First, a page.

We all recognise these brightly coloured, nectar-loving insects. Along with birdsong and the hum of a distant lawnmower, the gentle buzz of a bee brings to mind long, lazy summer days. In order to feed their colony, bees need pollen so collect sweet nectar from our gardens. They are the vital helpers in pollinating flowers which later go on to produce fruit and seeds. Although bees stings are painful, bees will rarely use it, and the benefits of having bees in your garden far outweigh the cons. There are a number of flowers, herbs, trees, shrubs and hedgerows that will encourage bees to visit your garden.
How to Attract Bees to your Garden
- One of the best ways to encourage bees into your garden is to plant a variety of flowers which they can visit to collect nectar. Try planting flower beds or borders around the edge of your garden. Once they have discovered them, they will tell all their friends and generations of bees will enjoy your garden for years to come.
- Humans use herbs for cooking, medicinal use and also fragrance. But these plants can be great pollinators and are best for bees. If you have a little herb garden, you already have a brilliant way to attract bees. Borage, catnip, lavender, mint and rosemary are all varieties of herbs that bees love.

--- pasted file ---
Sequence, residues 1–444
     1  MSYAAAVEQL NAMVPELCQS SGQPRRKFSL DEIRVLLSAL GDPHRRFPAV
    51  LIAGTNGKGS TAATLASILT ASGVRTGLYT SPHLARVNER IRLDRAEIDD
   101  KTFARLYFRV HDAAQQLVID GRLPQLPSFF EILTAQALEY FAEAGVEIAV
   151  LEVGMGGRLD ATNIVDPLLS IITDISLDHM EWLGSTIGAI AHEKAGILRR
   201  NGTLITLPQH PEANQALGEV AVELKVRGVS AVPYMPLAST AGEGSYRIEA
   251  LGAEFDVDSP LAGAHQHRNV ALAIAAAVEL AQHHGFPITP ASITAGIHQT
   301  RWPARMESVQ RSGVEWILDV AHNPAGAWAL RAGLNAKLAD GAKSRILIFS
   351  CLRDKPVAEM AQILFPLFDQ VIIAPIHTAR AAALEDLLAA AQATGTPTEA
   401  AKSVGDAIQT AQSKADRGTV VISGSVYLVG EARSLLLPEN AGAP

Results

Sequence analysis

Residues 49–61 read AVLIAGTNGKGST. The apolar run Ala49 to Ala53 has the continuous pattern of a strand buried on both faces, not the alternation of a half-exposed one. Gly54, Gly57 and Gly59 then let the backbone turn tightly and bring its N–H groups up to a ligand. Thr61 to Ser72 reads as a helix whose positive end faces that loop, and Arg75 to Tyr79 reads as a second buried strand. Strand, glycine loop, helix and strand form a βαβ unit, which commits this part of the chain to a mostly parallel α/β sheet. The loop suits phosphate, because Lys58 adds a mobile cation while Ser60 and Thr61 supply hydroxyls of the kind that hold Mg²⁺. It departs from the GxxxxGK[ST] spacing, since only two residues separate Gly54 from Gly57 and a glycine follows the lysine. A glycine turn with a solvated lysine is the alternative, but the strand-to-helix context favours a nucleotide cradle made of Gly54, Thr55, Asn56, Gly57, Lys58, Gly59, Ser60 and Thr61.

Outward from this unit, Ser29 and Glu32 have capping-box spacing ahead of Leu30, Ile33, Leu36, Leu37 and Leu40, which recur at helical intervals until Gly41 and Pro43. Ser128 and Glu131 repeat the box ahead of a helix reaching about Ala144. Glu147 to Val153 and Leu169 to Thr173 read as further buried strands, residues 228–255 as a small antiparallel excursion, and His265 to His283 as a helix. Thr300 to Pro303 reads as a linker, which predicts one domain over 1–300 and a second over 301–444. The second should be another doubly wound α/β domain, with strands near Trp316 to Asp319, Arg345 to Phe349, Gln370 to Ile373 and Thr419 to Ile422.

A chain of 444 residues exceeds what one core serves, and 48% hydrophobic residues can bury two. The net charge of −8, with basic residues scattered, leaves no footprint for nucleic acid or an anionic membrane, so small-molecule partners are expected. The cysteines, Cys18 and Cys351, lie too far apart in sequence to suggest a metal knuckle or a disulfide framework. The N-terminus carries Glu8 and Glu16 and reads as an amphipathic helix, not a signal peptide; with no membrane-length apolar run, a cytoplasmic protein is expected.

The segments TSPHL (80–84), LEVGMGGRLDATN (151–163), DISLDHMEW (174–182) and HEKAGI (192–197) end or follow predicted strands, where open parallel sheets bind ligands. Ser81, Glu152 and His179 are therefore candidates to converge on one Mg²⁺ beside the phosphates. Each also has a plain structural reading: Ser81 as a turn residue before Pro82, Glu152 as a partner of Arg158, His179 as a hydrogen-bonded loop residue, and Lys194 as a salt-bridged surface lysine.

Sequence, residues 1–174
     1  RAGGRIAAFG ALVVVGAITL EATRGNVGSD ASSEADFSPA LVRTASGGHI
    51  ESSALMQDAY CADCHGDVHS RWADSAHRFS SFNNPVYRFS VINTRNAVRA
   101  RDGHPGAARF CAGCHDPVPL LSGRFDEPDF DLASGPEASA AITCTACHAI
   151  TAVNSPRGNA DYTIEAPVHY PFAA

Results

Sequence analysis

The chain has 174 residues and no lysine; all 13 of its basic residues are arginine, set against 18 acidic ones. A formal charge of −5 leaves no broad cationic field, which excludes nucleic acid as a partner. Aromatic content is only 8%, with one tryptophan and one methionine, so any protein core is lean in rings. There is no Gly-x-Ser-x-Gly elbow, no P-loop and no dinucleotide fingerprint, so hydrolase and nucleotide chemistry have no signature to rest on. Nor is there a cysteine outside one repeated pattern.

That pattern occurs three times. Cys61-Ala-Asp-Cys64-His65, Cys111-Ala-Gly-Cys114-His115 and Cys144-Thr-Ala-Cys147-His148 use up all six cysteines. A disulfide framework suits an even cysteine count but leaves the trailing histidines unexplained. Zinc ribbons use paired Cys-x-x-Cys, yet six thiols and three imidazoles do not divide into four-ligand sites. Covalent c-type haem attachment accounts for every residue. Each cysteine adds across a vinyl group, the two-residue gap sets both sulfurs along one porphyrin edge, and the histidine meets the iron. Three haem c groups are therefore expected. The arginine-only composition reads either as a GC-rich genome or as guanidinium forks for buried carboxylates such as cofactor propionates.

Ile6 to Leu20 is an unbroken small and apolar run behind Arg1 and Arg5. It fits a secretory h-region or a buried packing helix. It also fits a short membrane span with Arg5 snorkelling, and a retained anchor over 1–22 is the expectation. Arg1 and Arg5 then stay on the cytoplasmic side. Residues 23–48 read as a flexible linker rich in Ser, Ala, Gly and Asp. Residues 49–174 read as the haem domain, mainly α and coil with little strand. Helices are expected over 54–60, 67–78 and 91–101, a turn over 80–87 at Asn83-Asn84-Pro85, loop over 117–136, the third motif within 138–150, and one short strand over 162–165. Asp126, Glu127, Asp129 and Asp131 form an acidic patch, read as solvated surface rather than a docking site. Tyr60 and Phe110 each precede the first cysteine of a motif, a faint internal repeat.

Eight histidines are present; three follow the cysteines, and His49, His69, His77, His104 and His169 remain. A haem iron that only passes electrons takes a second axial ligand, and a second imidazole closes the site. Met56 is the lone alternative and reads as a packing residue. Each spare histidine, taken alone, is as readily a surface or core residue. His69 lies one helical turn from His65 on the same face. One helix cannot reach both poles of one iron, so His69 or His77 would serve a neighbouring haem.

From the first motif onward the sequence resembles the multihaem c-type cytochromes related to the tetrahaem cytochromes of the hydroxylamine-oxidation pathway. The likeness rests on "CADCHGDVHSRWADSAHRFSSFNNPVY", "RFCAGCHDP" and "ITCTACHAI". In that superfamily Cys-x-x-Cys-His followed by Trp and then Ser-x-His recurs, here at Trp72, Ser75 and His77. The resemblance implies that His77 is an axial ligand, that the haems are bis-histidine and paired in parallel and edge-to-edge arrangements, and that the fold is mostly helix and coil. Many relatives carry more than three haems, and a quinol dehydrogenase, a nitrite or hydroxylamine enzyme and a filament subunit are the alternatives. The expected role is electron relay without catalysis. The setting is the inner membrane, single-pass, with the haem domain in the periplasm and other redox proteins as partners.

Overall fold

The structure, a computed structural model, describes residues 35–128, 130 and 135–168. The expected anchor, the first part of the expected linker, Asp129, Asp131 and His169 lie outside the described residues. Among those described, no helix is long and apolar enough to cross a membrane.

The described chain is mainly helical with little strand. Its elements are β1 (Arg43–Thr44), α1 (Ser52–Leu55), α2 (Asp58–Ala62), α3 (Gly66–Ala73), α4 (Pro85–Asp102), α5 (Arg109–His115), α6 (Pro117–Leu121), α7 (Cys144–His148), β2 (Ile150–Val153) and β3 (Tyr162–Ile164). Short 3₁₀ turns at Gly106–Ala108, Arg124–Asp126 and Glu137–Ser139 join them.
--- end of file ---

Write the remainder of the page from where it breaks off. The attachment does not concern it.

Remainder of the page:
- Bees hates pesticide and other chemicals sprayed and used in gardens. Aim to have a pesticide-free garden and use alternatives which are natural and not reliant on chemicals. A good way to keep pests down is to encourage pest eaters such as spiders and ladybugs.
- Bees are attracted to colourful flowers. They like blue flowers as they are bright and stand out against the greenery of a garden.
Late Winter – Spring Garden Plants for Bees
The changes in climate and conditions, causing different flowering times from place to place, affect the foraging and the allocation of different kinds of bees. These are plants to consider having in your garden at this time of year;
- Winter Honeysuckle
- Ground Ivy
- Winter Heathers
- Lenten Rose
Spring – Summer Garden Plants for Bees
All types of bees are nurturing their broods during this season. Many of these bee friendly plants are very important for their colony to survive;
- Passion Flower
- Rosa Rugosa
- Sea Holly
Summer – Autumn Garden Plants for Bees
For the late developing broods, this season is not a problem. During late summer and autumn, working adults bees will also be taken good care of by these plants;
- Snapdragon (Antirrhinum)
- Himalayan Balsam
- Red Hot Poker
Autumn – Winter Garden Plants for Bees
- Autumn Raspberries
- Common Heather
Did you know?
- Bees are the only insect in the world that produce food people can eat.
- One bee will only make 1/12 of a teaspoon of honey in its entire life.
- The queen bee will lay around 1,500 eggs a day.
- Honey contains all of the substances needed to sustain life, including enzymes, water, minerals and vitamins.
- There are lots of different types of honey which taste differently depending on the flowers used to make it.